Arthur C. Clarke had a dream.
|How's the dream doing? How's Detroit doing?|
Carl Sagan had a dream.
Robert Heinlein had a dream.
Werner Von Braun had a dream.
Ever since man first gazed into the night sky and saw millions of lights glaring back, the dream has been to find what's out there, and perhaps discover if anyones looking back on a distant world wondering the same thing.
A gigantic moon rocket and an old mule-drawn wagon wrote a paradox of humanity Wednesday.
While the Apollo 11 thundered toward the moon as a thrilling step in the conquest of space, a contingent of the Poor People’s Campaign trudged a highway far below – as a reminder of hunger and poverty yet unconquered on earth.
“We must have a launching of a program against poverty – hunger in particular – racism and war; a launching that is just as effective and beautiful as was the moonshot launching,” said the Rev. Ralph David Abernathy, leader of the Poor People’s group that had VIP seats for the rocket spectacular.
Abernathy and 45 followers watched from choice seats at Kennedy Space Center while another contingent of his antipoverty corps briefly blocked traffic on a highway to the center.
About 40 marchers, trailed by a two-mule wagon, walked along the causeway from the space center and onto U.S. 1 before dispersing and boarding buses.
Three days later, men - white men - would step foot on the moon, courtesy of technological advances and courage seemingly written into the DNA of Western Man.
At the VIP viewing site – separate from that where Vice President Spiro Agnew, former President Lyndon B. Johnson and other dignitaries were - Abernathy and his group sang “freedom songs” and he spoke to the entire crowd before the launch.
He said he’d come to see the spaceshot and to “demonstrate and protest that America has mixed up her priorities.” While the Apollo moon-landing voyage was the culmination of 10 years work, he said, “this nation still needs to plan a program for meeting human needs.”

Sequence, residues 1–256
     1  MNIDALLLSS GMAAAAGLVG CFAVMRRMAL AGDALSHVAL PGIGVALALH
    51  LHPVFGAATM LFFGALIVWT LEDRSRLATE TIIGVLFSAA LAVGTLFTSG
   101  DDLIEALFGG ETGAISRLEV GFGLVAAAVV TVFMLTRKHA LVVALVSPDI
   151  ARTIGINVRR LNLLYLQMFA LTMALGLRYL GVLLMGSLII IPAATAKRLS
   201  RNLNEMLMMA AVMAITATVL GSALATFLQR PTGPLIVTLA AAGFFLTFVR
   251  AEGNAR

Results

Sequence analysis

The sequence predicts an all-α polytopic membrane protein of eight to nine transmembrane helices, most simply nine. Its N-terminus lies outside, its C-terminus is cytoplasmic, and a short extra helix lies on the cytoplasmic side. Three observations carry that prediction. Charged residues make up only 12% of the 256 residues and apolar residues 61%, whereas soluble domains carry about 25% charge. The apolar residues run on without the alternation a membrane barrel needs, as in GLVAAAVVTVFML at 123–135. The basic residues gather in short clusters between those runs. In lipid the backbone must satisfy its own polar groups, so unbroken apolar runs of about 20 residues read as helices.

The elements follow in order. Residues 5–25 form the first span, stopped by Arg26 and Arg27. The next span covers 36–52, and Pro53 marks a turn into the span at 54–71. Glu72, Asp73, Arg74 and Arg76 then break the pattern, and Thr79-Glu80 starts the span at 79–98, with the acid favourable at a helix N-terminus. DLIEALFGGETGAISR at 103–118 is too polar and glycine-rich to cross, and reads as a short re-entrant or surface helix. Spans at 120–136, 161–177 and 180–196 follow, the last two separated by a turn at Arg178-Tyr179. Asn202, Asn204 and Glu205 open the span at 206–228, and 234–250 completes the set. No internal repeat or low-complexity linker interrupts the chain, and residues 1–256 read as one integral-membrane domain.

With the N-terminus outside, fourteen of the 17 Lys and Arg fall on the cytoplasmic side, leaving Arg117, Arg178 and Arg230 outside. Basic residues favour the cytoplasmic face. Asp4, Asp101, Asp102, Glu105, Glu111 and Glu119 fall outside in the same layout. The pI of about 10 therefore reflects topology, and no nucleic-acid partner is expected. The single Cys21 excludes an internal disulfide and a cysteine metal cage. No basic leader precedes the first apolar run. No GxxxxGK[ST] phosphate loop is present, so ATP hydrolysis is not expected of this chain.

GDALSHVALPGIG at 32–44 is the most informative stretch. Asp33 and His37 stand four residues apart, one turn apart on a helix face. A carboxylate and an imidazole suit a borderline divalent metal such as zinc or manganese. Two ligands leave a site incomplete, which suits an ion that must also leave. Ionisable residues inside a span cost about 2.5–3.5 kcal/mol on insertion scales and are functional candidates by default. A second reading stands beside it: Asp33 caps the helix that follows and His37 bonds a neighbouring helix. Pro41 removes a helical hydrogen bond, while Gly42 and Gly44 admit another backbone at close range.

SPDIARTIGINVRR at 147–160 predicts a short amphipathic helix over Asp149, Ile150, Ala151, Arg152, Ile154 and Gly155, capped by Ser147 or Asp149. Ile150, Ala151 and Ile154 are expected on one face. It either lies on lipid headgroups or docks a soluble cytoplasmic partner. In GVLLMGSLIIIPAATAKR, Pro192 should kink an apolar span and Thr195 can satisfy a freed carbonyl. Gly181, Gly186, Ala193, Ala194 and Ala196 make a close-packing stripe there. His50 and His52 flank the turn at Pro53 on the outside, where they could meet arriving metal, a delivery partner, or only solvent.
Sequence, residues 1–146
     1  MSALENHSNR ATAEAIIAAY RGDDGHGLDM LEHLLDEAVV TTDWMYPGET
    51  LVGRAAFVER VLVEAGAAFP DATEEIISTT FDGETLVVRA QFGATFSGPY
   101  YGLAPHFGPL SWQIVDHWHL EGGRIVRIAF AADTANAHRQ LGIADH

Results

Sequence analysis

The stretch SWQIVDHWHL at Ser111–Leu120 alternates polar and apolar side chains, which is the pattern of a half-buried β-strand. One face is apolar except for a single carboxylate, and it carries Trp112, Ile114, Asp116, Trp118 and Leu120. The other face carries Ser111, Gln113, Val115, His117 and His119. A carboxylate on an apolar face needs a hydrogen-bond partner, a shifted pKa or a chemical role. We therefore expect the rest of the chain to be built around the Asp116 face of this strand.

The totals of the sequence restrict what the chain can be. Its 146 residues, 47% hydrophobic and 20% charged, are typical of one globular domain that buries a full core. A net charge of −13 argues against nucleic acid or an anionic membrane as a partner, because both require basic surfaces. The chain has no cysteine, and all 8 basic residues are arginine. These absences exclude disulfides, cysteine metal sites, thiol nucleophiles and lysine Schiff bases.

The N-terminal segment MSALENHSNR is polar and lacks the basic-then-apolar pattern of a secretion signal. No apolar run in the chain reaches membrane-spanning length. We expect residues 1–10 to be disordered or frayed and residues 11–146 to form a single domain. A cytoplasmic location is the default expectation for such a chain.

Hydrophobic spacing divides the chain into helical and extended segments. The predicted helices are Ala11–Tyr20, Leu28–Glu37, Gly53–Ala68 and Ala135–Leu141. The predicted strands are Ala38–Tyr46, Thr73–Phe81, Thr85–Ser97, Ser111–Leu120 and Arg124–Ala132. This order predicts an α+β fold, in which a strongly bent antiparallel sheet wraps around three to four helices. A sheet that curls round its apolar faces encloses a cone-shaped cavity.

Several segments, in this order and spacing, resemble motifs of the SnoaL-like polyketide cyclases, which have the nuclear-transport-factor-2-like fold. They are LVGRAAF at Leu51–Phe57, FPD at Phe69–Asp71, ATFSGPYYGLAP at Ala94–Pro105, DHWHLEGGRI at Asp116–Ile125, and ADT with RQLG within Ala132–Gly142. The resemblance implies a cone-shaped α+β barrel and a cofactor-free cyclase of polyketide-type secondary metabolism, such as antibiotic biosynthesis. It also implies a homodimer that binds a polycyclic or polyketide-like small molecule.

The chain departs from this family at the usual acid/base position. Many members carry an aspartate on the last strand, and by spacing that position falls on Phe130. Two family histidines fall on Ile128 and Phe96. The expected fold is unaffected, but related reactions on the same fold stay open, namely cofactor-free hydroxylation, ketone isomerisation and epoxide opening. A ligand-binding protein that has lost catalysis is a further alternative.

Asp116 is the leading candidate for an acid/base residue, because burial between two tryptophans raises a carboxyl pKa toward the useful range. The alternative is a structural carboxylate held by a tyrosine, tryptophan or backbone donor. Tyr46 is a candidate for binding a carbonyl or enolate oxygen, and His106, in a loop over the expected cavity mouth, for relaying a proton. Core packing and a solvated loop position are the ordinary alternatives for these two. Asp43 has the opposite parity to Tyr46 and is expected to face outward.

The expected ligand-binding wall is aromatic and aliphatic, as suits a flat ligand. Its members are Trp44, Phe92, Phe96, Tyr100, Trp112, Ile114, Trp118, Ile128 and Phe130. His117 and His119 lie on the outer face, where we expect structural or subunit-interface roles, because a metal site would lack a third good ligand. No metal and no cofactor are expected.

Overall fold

Abernathy, president of the Southern Christian Leadership Conference and successor to the late Dr. Martin Luther King Jr., called on the spectators to join the antipoverty campaign. He was busy signing autographs until about five minutes before the launch. After the Apollo roared away, Abernathy and his group sang, “We Shall Overcome,” the civil rights theme song.
Imagine the juxtaposition of a the gigantic Apollo rocket in Cape Canaveral, next to a mule-drawn wagon, which only 100 years prior was one of the primary means for transporting white settlers across the American continent.
For the fulfillment of Manifest Destiny.
Yet, in the entire history of African people, no evidence is available that the invention of the wheel had ever occurred.
|The reality of race has never so clearly been defined as this footprint on the moon.|
But Martin Luther King Jr. had his dream, and anyone else who ever dared, perchance to dream, saw them go up in a cloud of righteous smoke.
And thus, the genesis of what we have labeled Manifest Destruction was born.
Had MLK not been assassinated, he'd have led this Poor People's March on Cape Canaveral; He'd have been the one serenading the crowd with the Negro spiritual "We Shall Overcome" as a massive rocket, built by thousands of white men, hurdled three white men into the heavens.
America did launch a program against poverty and racism, scrapping the dreams of science fiction writers and visionaries in favor of a dream from a black man whose only goal was to ensure black people took power in cities like Detroit, Baltimore, Washington D.C., Atlanta, Memphis, and Birmingham.
All the movement MLK led was one to ensure a massive transfer of wealth and morality transpired, marooning the white man on this earth with the teeming masses using something called 'white privilege' as a rope to restrain his spirit.
But it will break.
For in the above AP article from 1969 rests the comical reality of evolution, and in 2013, we have the devolution of our major cities from hubs of commerce and growth, to blighted remnants of a failed civilization.
The civilization of MLK and Abernathy, where we abandoned the pursuit of space exploration and decided to ameliorate poverty and racism.
Think about that: in 10 years time, men in the 1960s set forth to put a man on the moon by the end of the decade; since then, we have seen an endless pursuit of eradicating inequality in the name of justice, under a banner with a picture of Comrade MLK.
All we have to show for it is Detroit.
And Gary (Indiana).
Newark and Camden, New Jersey too.
But on earth's natural satellite is a reminder of not only what could have been, because the physical evidence for genetic inequality rests more than a hundred thousand miles away forever a silent guard to racial differences.
A foot print.
Man stood on the moon.
What is the black man's foot print on this world?
What is the legacy of MLK's dream, which Abernathy carried on and kept alive by singing Negro Spirituals as the Apollo spacecraft roared into the heavens?
Detroit in 2013.
No, the last 50 years were not a dream.
You can't wake up from the nightmare until you find the courage to to renounce the guilt and embrace the privilege.